KANBANS (Kanban Ststem)

KANBANS: (Kanban Ststem)

Learning Objectives of the Article:

  • Define and explain KANBAN. Where and how KANBANS are used.
  • What are advantages and disadvantages of using KANBAN system?

Definition and Explanation:

A Kanban system is a means to achieve just in time (JIT) production. It works on the basis that each process on a production line pulls just the number and type of components the process requires, at just the right time. The mechanism used is a Kanban card. This is usually a physical card but other devices can be used Two types of such cards are usually used.

A withdrawal Kanban: Specifies the kind and quantity of product which a manufacturing process should withdraw from a preceding process. This card (illustrated below) shows that the preceding process which makes this part is forging, and the person carrying this card from the subsequent process must go to position B-2 of the forging department to withdraw drive pinions. Each box of drive pinions contain 20 units and the shape of box is “B”. This Kanban is the 4th of 8 issued. The item back number is an abbreviation of the item.

Example of Withdrawal Kanban

withdrawal kanban example

A production ordering Kanban: Specifies the kind and quantity of the product which the preceding process must produce. The one illustrated below shows that the machining process SB-8 must produce the crankshaft for the car type X50BC-150. The crankshaft produced should be placed at store F26-18. The production ordering Kanban is often called an in-process or simply a production Kanban.

Example of Production Kanban

production kanban example

Using KANBANS on production lines:

Each process (area, cell) on the production line has two KANBANS “post-boxes”, one for withdrawal and one for production ordering KANBANS. At regular intervals a worker takes withdrawal KANBANS that have accumulated in his process post-box, and any empty pallets, to the location where finished parts (components, assemblies) from the preceding process are stored. Each full pallet has attached to it one or more production ordering KANBANS which he removes and puts in the appropriate post-box belonging to the process that produced the parts. The worker now attaches a withdrawal Kanban to the pallet and takes it back to his own process area. When this new pallet begins to be used, its withdrawal Kanban is put back into the withdrawal post-box. At each process on the line, production ordering KANBANS are periodically removed from their post-box and used to define what parts and quantities to produce, next.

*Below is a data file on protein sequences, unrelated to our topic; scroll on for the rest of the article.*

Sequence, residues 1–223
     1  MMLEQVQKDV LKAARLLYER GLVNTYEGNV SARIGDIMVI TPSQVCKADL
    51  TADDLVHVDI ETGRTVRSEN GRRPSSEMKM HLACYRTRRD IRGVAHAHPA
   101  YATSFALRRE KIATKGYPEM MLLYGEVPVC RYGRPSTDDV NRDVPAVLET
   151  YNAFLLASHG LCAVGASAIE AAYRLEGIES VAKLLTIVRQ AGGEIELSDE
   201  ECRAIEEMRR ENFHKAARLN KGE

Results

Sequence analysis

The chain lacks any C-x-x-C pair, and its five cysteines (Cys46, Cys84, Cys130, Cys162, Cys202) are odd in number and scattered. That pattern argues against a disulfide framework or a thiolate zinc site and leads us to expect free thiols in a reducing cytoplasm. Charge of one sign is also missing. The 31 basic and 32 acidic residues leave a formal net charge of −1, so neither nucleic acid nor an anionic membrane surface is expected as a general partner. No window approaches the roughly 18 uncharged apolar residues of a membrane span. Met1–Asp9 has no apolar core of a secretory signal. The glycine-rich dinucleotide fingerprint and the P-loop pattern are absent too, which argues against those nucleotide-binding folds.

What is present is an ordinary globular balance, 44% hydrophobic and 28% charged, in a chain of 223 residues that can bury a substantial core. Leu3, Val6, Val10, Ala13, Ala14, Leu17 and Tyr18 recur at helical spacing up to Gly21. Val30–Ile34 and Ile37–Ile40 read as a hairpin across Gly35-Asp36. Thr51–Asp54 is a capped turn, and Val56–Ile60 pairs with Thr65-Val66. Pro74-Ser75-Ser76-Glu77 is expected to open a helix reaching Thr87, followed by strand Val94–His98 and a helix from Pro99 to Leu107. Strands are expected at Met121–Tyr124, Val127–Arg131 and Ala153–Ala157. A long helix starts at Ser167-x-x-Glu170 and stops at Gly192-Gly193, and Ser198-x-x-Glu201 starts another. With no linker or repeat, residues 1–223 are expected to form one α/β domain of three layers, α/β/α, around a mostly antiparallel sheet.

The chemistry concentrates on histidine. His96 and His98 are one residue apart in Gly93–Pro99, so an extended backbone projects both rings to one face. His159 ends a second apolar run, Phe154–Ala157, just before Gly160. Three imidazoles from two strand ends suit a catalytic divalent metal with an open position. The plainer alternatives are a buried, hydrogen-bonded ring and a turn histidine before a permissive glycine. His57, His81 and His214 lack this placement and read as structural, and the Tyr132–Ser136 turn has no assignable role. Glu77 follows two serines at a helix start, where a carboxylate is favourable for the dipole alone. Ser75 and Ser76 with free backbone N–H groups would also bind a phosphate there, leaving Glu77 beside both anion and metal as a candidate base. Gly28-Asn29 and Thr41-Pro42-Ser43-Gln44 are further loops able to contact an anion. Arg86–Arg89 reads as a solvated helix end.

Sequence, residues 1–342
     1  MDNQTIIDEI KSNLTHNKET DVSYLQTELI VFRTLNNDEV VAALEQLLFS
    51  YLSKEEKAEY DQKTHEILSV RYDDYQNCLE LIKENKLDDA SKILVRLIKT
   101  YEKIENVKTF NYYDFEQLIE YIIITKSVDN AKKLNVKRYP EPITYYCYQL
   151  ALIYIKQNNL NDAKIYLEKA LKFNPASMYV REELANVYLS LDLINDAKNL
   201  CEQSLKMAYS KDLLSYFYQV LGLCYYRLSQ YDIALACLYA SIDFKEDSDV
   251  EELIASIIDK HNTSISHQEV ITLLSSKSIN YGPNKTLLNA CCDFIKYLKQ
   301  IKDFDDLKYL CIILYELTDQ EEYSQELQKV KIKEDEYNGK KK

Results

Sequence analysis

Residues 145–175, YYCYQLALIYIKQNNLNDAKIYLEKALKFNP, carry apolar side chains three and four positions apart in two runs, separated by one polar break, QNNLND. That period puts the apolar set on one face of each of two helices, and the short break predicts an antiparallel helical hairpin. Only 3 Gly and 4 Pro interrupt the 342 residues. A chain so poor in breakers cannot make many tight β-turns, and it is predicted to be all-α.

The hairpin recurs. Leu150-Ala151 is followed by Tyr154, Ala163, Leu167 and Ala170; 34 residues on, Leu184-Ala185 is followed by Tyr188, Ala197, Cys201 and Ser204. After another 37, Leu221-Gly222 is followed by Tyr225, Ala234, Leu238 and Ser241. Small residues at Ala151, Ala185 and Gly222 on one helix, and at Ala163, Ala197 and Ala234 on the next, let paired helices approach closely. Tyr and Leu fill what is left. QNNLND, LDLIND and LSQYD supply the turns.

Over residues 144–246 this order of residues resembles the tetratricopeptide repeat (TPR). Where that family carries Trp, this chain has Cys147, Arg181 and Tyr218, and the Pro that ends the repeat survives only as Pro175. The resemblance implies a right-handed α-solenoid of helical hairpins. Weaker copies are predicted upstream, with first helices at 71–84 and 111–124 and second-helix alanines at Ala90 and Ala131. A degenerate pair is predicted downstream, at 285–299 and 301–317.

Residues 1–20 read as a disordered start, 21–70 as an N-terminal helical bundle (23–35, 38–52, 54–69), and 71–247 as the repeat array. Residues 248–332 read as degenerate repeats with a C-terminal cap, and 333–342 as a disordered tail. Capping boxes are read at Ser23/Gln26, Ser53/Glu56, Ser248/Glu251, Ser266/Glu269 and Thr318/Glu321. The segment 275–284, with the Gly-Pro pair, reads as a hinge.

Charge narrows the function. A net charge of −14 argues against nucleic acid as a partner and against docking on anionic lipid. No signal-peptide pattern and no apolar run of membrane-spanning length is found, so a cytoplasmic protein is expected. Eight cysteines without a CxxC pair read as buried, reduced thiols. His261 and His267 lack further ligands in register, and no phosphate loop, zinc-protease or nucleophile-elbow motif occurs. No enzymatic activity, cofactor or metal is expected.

When and how KANBANS are effective:

KANBANS help simply planning and to fine tune production to meet changing customer demand of up to + or – 10%. The system requires planned monthly and weekly production schedules. KANBANS simplify day to day flexibility, and changes to the production schedule need only to be given to the final assembly process and will then automatically work their way back up the line. Kanban systems can be tightened by removing cards or by reducing the number of parts on pallet. The effect will be to speed the flow through the process and hence reduce lead time. However it also makes the system more vulnerable to breakdowns and other causes of dislocation. By identifying the areas within the line that are causing disruption, efforts can be made to improve them. Thus the overall efficiency of the line is raised by tackling the key points.